A couple of Sundays ago, a man named Dale told his story to our entire church. He had been homeless and alone until he met a New Lifer while walking downtown one Saturday afternoon. They became friends and fast forward a few weeks, Dale accepts Christ, finds a place to stay, and makes New Life his new church family. He lost wife about a year ago, but she diligently prayed for Dale to follow Christ, even as she lay on her death bed.

Sitting in the crowd that Sunday was a young Air Force airman whose wife was praying for him to make the same decision. At the end of the talk, he came down to the front and prayed with one our team. After the gathering, he found me outside and told me when heard Dale’s story, he knew he needed to change his life. It was a story, not a well crafted sermon, that made the difference.

In the age of Twitter and Facebook, we seem to talk about ourselves too much already, but I do believe an inspiring and authentic story can still change people. When God does something in our lives, we should tell others when we get the opportunity.

At New Life, we are working harder at telling all the amazing stories we hear each week. So don’t be surprised if someone holds a camera in front of you because we all need to hear it. Stories really do matter and your story can change lives.

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Do you take notes?

Do you take notes when someone is teaching you the scriptures? If you do, chances are you retain more than those who do not. In fact, I believe 90% of people who do not take notes on Sunday morning forget everything they have heard by Wednesday morning. If my calculations are correct, Sunday morning was mostly a waste of time for those who did not bother to write something down.

Jesus told us this would happen in Luke 8 when he described the four types of soil that represent the common conditions of the human heart.  The path, the rock, the thorns and the good soil are all mentioned. The seeds that fell on the good soil are the only ones that produced a lasting harvest. Notice what is said in verse 15.

“But the seed on good soil stands for those with a noble and good heart, who hear the word, retain it, and by persevering produce a good crop.”

Luke did not underline the two words above, but they certainly jumped off the page at me recently. The Message Bible says “who seize the word and hold on no matter what.” I have heard some amazing insight that I have not written down and I am certain I have forgotten most of it. Good seed had been sown, but I did not seize it and hold on no matter what.  What can we all do to make sure the seeds that are being sown fall on the good soil of our hearts and produce a crop?

1. Write down two or three big ideas from every teaching you hear and have a conversation with someone about them within 48 hours.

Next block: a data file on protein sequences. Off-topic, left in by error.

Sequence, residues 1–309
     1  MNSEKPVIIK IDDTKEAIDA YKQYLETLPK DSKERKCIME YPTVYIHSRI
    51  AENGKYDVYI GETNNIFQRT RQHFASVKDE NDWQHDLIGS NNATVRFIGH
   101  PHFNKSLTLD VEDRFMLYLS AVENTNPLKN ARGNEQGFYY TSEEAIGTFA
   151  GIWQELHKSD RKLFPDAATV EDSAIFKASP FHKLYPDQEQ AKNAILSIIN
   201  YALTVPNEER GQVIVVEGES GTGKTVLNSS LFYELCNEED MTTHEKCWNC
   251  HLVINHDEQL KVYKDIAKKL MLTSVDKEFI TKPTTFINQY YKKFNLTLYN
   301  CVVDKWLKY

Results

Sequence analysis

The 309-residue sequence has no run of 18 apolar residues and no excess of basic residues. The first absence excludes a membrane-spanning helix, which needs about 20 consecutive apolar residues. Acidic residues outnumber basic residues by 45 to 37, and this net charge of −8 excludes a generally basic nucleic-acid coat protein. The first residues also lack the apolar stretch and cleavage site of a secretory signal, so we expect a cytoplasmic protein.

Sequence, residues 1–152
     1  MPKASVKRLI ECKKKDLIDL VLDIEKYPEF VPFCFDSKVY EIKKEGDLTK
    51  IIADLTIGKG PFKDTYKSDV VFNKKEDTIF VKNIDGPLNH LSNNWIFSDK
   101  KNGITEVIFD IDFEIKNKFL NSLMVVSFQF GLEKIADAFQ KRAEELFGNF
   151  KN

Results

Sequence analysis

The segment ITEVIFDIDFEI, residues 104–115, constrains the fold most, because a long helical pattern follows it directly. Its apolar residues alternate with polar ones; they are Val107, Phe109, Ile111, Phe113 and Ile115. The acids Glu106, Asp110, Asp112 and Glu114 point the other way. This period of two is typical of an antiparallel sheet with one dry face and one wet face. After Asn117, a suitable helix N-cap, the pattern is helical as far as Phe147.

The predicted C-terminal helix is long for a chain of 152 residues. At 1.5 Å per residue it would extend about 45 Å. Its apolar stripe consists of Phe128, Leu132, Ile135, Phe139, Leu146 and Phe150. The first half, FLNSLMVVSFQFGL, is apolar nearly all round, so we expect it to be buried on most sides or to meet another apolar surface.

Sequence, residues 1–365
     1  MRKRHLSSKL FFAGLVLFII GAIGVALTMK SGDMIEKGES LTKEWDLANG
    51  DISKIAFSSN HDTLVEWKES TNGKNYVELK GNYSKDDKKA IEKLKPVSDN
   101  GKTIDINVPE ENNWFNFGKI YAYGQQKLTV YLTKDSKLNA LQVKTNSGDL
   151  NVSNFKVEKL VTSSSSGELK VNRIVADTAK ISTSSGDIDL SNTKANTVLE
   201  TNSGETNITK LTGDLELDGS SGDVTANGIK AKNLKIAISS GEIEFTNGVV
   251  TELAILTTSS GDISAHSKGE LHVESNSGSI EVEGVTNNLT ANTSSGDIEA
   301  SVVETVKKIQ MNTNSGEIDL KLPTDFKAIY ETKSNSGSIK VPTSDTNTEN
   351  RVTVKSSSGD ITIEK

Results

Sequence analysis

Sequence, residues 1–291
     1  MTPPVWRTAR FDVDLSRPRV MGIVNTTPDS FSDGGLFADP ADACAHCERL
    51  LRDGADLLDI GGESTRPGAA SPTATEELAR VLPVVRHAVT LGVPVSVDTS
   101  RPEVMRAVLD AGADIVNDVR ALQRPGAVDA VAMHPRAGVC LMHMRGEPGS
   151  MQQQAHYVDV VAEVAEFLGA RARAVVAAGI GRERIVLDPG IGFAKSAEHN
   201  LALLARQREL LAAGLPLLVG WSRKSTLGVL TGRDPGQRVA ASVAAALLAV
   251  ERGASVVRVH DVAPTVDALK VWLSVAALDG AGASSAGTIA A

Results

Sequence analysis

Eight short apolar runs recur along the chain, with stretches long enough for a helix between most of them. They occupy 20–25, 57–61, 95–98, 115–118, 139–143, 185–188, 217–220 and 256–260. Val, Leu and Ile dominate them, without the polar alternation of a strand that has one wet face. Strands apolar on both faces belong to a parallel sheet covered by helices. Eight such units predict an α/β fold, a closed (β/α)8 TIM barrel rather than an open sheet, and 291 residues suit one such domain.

2. If you use your iphone to take notes, like I sometimes do, don’t check your email or text someone during the talk. Take notes only and do not play paper toss. 🙂

3. If you are speaking and the big ideas are not evident, then use simpler language and better illustrations to make them clear to everyone.

4. If you have access to decent AV equipment, put the big ideas on the screen long enough for everyone to write them down.

5. Hand out notes to people before the talk and have pens or pencils available. Even if you hand out blank sheets of paper, you are encouraging people to take notes.

The word disciple means “learner” and learners take notes. Even if we do not agree with what is said, at least the talk will spark some interesting conversation that might lead us to deeper truth. Let’s not sit in the crowd with our arms folded assuming that we will remember everything that is being said. Let’s hear the word, retain the word and by persevering produce a good crop.

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Live from New Life

The Sunday morning gatherings at New Life will be broadcast live on our website starting September 12th. This means people can join us live around the world and experience worship with us via some really cool and really inexpensive technology. There are lots of positives and some negatives about live-streaming that we have discussed as a team.

CONS:

  • Watching on the web is not an equal substitute for attending live. Face to face, person-to-person interaction at church is super important and cannot be dismissed in favor of watching from home.
  • The technology is great, but it is really expensive to make the sound quality on the web equal to the live gathering. Lower your expectations in that regard.

PROS:

  • Live streaming is a great opportunity for people who are looking for a new church to preview our service before actually attending.
  • It is a great resource for our missionaries and military members stationed around the world to stay connected to their local church.
  • On heavy snow Sundays, the three of us who make it to church can sing and speak while the rest of you watch. I promise I will not sing unless absolutely necessary.

What do you think about the services being live-streamed? How can we take maximum advantage of this great technology?